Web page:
There are a number of similarities found in both e-Shopping and online recruitment. Some of the differences also warrant a closer look, since there are a number of less-than-stellar practices that have evolved in online recruitment that could be improved by taking their cues from the success of online shopping.
Online shopping has grown into a $600B+ industry globally in a relatively short timeframe. Convenience and service are two of the most common benefits cited for this evolution in e-Commerce. It’s no longer a novel way to shop – it’s a realistic option when you’re looking to buy almost anything.
For consumers, the ability to easily search and browse, select, pay and track your purchase from its origins to your doorstep – without the hassles associated with in-person shopping – provides the control and tactile experience they would otherwise have in a traditional mall or store experience. Additionally, the ability for consumers to provide relevant and impactful after-purchase feedback through social networks and other forums is a powerful way to keep e-Retailers on their toes and accountable. It’s a great structure that continues to gain traction, with anticipated double digit year-over-year growth expected for the foreseeable future.
Online Recruitment – e-Shopping’s Close Cousin?
On closer examination, a number of similarities in the online versions of shopping and recruitment become evident. We can see common activities and thought patterns throughout each process: Online shoppers are initially engaged and are given a sales pitch that communicates the merits of the product in the Shop/Sell stage. The parallel in recruiting is when job seekers engage with a potential employer in the “Search/Learn” stage, beginning with educating themselves about the company and opportunity.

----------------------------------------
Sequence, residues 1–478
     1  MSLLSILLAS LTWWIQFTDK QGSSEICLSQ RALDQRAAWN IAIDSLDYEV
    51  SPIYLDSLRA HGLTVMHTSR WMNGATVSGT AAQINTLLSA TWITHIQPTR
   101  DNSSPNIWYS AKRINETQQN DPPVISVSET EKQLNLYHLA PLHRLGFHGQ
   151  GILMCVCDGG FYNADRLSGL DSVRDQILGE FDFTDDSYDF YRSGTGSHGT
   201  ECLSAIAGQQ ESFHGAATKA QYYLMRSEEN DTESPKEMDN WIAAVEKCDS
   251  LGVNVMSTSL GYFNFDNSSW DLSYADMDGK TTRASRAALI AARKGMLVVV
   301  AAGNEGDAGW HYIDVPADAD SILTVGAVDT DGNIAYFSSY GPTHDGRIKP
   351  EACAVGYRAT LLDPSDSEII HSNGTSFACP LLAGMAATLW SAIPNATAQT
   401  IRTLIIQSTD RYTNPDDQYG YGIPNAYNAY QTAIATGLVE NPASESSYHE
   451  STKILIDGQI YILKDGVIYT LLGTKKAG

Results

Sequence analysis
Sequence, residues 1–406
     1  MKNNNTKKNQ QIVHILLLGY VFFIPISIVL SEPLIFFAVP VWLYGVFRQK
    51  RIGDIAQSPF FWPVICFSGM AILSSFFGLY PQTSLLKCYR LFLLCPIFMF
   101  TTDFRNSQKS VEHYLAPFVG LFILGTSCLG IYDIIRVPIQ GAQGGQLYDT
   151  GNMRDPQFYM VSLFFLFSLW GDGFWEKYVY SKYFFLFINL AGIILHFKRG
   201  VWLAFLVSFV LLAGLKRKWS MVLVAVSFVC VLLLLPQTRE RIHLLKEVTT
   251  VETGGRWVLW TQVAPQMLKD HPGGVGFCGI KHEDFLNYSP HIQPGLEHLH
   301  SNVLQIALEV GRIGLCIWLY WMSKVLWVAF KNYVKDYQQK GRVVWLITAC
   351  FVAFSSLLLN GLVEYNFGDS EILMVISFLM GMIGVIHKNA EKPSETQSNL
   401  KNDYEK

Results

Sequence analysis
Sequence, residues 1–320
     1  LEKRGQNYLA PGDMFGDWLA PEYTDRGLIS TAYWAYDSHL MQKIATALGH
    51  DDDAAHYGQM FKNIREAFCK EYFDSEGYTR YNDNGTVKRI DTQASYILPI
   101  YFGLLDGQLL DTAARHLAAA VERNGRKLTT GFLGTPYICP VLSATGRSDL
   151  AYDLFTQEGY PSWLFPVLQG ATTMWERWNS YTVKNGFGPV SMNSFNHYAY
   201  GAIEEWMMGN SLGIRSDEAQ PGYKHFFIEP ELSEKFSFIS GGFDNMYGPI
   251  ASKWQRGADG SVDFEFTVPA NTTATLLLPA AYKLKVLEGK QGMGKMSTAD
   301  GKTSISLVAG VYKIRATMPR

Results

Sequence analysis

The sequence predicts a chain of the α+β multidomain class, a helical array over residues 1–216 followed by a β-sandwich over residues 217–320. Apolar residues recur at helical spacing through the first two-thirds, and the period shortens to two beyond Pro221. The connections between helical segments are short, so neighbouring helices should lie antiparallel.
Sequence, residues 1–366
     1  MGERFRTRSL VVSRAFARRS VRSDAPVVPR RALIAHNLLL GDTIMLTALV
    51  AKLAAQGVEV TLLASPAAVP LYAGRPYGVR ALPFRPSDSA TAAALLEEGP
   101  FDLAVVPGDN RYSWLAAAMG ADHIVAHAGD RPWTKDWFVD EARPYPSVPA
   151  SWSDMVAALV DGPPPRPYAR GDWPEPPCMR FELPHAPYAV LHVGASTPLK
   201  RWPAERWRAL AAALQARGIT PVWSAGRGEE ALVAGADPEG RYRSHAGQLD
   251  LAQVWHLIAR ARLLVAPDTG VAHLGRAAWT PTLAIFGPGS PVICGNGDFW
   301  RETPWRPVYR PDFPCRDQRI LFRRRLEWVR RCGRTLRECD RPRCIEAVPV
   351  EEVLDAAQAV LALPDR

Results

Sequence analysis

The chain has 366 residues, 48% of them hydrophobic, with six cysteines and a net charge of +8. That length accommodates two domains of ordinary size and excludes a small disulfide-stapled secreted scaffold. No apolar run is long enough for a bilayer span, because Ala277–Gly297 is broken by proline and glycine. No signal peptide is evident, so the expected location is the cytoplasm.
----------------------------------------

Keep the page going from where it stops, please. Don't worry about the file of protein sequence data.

Next comes the purchasing decision by a consumer who has found the product they want. We can call this the “Buy” stage. In recruitment, if an organization has done a good job with their employer brand and has provided compelling details about the role by “selling” the opportunity, they are rewarded by candidates “buying” – submitting their resume and/or application when they “Apply“.
This is the fork in the road, where we start to travel different paths. The process for an on-line retail customer who has engaged with a successful e-Retailer can be enjoyable and leaves few stones unturned: Personalized and customized welcome and confirmation messages; access to live service personnel to answer questions; accurate delivery tracking; mechanisms to provide and receive feedback; special offers; etc. A key contributor to the growth in online shopping has been the industry’s ability to create “high-touch”, arms-length post-purchase features that coddle the customer and reinforce their choice. Other practices enable the cultivation of ongoing relationships between seller and buyer, assuming the vendor has lived up to their promises and their purchase arrives intact, as described, and within a reasonable timeframe.
Compare this with the “low- to no-touch” experience of many applicants, after they have subscribed to the prospective employer’s well-crafted messages, visuals and other features that are involved in presentation of their brand, value propositions and job opportunities:
A conventional, volume-oriented method of responding to candidates consists of an automated standard message that disingenuously thanks them for their interest. An additional dash of indifference cautions them that ONLY those candidates of interest MIGHT be contacted. In other words, “the heck with the rest of you – if you aren’t suitable, you probably won’t be contacted.” And finally, comes the ‘resume black hole’ – the place where jobseeker profiles are sent after they hit ‘send’ and their résumés are never seen again, with candidates never knowing whether their submissions have been reviewed.
The common practice described above is an often cited source of jobseeker dissatisfaction that regrettably, has become the status quo. When candidates apply to jobs online, these have become common expectations. This approach – after the candidate has “bought” – can be described in its worst form as dismissive, discourteous and dissociative.
There are exceptions – the above describes the procedures that are vying for the “least thoughtful” award, and it wouldn’t be fair to paint the entire marketplace with the same brush. Some organizations recognize the potential benefits of being considerate to candidates, or they at least recognize the risks associated with failing to do so.
To their credit, these organizations invest resources in replying to candidates when they are excluded from consideration; some will provide an automated acknowledgement to candidates when their resume has been viewed, a feature similar to that which is available on LinkedIn. These examples of improved candidate experiences are unfortunately, the exception, with the lion’s share of the marketplace being slow to adopt such practices.